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Buddhadharma : Summer 2007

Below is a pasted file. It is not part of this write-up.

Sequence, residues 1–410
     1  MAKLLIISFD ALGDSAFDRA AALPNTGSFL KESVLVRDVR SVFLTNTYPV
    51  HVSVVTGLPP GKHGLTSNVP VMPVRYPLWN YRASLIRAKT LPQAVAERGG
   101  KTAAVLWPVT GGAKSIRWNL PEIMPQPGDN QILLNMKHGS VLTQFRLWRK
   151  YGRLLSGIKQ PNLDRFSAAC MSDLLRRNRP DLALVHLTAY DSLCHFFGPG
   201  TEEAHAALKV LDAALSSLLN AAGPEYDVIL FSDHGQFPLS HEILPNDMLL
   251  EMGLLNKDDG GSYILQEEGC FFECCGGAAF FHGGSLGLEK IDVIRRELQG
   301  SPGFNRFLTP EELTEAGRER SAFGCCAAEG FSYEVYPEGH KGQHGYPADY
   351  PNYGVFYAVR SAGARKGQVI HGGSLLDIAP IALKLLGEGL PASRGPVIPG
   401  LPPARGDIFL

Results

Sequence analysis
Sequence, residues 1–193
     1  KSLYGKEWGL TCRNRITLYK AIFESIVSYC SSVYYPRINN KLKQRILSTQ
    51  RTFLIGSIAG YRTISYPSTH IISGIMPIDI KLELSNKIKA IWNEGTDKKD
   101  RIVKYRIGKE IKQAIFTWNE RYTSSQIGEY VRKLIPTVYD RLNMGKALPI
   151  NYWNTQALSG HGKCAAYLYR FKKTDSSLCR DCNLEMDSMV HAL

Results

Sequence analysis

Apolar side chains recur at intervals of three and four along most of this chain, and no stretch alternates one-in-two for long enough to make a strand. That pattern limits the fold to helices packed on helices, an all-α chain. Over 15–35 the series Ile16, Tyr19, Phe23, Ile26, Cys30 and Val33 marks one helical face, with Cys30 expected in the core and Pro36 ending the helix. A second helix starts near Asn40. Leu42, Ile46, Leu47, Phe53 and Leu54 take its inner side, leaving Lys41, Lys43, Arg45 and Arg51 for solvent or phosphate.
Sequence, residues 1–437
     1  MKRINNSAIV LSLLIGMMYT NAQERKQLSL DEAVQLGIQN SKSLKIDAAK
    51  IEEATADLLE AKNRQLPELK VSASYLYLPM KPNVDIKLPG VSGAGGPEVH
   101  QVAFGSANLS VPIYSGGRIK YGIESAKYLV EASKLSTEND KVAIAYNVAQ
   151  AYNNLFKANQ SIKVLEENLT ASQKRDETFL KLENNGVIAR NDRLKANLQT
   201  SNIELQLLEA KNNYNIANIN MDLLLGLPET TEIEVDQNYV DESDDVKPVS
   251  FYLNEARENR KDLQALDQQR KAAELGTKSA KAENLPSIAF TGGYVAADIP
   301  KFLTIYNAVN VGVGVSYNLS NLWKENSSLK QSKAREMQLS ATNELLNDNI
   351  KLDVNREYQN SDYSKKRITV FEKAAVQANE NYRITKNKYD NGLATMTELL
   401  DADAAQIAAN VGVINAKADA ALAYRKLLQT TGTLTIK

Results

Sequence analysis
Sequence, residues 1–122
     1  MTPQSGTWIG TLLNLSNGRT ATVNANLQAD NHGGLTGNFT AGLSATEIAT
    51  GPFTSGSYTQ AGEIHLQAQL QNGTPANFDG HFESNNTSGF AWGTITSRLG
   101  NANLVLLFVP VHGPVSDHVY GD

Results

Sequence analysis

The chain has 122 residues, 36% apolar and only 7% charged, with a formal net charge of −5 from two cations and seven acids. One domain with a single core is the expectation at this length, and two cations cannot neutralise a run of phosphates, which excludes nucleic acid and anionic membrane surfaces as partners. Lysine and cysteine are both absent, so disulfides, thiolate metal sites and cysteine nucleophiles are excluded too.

buddhadharma| 13 |summer 2007 wouldn’t be sacrificed, and the atrocities involved in stockfarming would be stopped. One need only reflect on the law of supply and demand that governs the economic forces at work in our mod ern society in order to see this logic. The whole butchery business is not based upon thin air but on customer demand. When you pay for your steak, you are paying for the killing of the animal: the more meat eaters, the more slaughterers, the more suffering of animals. In the end, everyone has to decide for him or herself whether or not to eat meat. In trying to follow the Buddha’s teachings, which can be sum marized in four lines: “Avoid any negative actions / Commit only to positive actions / Completely pacify your mind / This is the teaching of the Bud dha,” it would seem wise to seriously consider the case for vegetarianism. If one is not able to change completely or abruptly, then gradual improvement is a possible course of action. If one eats meat three times a day, as is common in the West, then try to eat meat only twice a day, then once a day. After a while, become totally vegetarian one day a week, then two, etc. In this way, one’s actions will gradually move closer toward nonharming. Consider the simple act of practicing mindful ness in order to ease your way toward a shift in eating habits. Thich Nhat Hanh expressed it in strong terms: “Mindful eating can help maintain compassion within our hearts. A person without compassion cannot be happy, cannot relate to other human beings and to other living beings. Eating the flesh of our own son is what is going on in the world, because we do not practice mindful eating...therefore the whole nation has to prac tice looking deeply into the nature of what we consume every day. And consuming mindfully is the only way to protect ourselves, our family, our nation, and our society.” To conclude, as George Bernard Shaw once said, “Animals are my friends; and I don’t eat my friends.” from mandala, feBruArY/mArch 2007. election SeSShin Practitioner Elyse Mergenthaler recalls an unusual sesshin that made a difference at the polls on elec- tion day. Sometime in early September of 2006, I received an email from Buddhist friends: Did I want to partici pate in an election sesshin? – seemingly an oxymo ron. Stan Dewey, Melody Ermachild, Ed Herzog, and other Northern California Buddhists were organizing this CitiZen action. Richard Pombo, a Bush crony and wealthy Tracy rancher and land owner, had had the California 11th congressional district in a lockhold for sixteen years. Pombo’s seat was being challenged by Jerry McNerney, an unknown Democrat, who at first did not seem like he could possibly be a serious contender. McNerney is a wind engineer, with environmental sensibilities. A band of engaged Buddhists set out to help turn the tide. Two houses in Stockton were donated to the Buddhist volunteers, one with a spacious studio apartment in the backyard that made a perfect zendo. For the three weeks before the November election, a revolving group of peo ple followed a disciplined schedule. The days were framed by Zen practice at either end and included campaigning in between. At morning sittings, we recited the Heart Sutra and the Metta Prayer. At breakfast we laid out our three bowls in silence and prayer to benefit all beings. Like clockwork we carried out cleanup chores and reported for the day’s huddle with a bow. Midday, we broke into pairs and headed for McNerney campaign headquarters. We went wherever the enthusiastic twentysomething organizers sent us. “Is it alright if we call you ‘The Buddhists’?” they asked. They were as impressed with us as we were with them. Walking the beat, door to door, with a list of likely McNerney supporters in hand, we encoun tered many responses: “McNerney Who?” “What ever my church tells me.” A Jehovah’s Witness: “I don’t vote – I leave it up to God.” A sweet old man in a nursing home was upset that he hadn’t gotten his absentee ballot; I got it for him and took it back to the county office after he filled it out. One morning Jerry McNerney appeared at our door, asking to join our meditation. Jaws dropped. Afterwards he stayed to chant the Heart Sutra with us – “wisdom beyond wisdom” – and hori zons opened. On the last day, we knocked on every door to “Get Out the Vote.” Checking the list at polling places, we went back to kindly prompt those who hadn’t voted yet. My precinct partner came upon a busy mother whose small children were playing on the floor. “I filled my ballot out,” she said, “and I’m going to send it in.” “It’s too late for that,” he replied. “You’ve got just thirty minutes to get to the polls,” and in five minutes he managed to pile the whole family into his SUV in order to take the mother to her poll ing place. At last we headed back to the voting site for the final count. I was feeling frustrated and anxious that perhaps we hadn’t made an impact. But in our heavily Republican precinct, McNerney had in fact won, two to one! We were ecstatic. That evening a tired band of meditators rode the Stockton campaign charter bus to McNerney election headquarters in San Ramon for a victory celebration. We tried to practice “nonattachment